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Emergence of pregnancy-related listeriosis amongst ethnic minorities in England and Wales.

Euro Surveillance 2010 July 9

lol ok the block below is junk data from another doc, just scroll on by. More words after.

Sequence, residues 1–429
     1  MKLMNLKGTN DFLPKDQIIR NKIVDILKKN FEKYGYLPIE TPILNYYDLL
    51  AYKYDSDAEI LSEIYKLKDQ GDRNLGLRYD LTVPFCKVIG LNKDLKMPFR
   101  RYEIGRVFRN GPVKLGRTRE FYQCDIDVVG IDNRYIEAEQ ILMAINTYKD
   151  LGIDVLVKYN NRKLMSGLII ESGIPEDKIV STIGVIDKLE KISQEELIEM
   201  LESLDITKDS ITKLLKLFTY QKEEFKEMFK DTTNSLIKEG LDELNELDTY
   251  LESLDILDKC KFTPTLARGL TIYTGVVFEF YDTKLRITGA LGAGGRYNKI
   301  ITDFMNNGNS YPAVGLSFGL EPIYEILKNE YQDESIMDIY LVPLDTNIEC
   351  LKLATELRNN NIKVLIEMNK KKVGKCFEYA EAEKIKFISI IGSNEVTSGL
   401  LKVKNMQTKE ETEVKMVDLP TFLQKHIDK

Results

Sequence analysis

Listeriosis is a rare but severe food-borne disease that predominantly affects pregnant women, the unborn, newborns, the elderly and immunocompromised people. Following a large outbreak in the 1980s, specific food safety advice was provided to pregnant women and the immunocompromised in the United Kingdom. Following two coincident yet unconnected cases of pregnancy-related listeriosis in eastern European women in 2008, a review of the role of ethnicity in pregnancy-related listeriosis in England and Wales was undertaken in 2009. Cases reported to the national listeriosis surveillance scheme were classified as 'ethnic', belonging to an ethnic minority, or 'non-ethnic' based on their name, and trends were examined. Between 2001 and 2008, 1,510 cases of listeriosis were reported in England and Wales and, of these, 12% were pregnancy-related cases. The proportion of pregnancy-related cases classified as ethnic increased significantly from 16.7% to 57.9% (chi-square test for trend p=0.002). The reported incidence among the ethnic population was higher than that among the non-ethnic population in 2006, 2007 and 2008 (Relative Risk: 2.38, 95% confidence interval: 1.07 to 5.29; 3.82, 1.82 to 8.03; 4.33, 1.74 to 10.77, respectively). This effect was also shown when analysing data from January to September 2009, using extrapolated live births as denominator. Increased immigration and/or economic migration in recent years appear to have altered the population at risk of pregnancy-related listeriosis in England and Wales. These changes need to be taken into account in order to target risk communication strategies appropriately.

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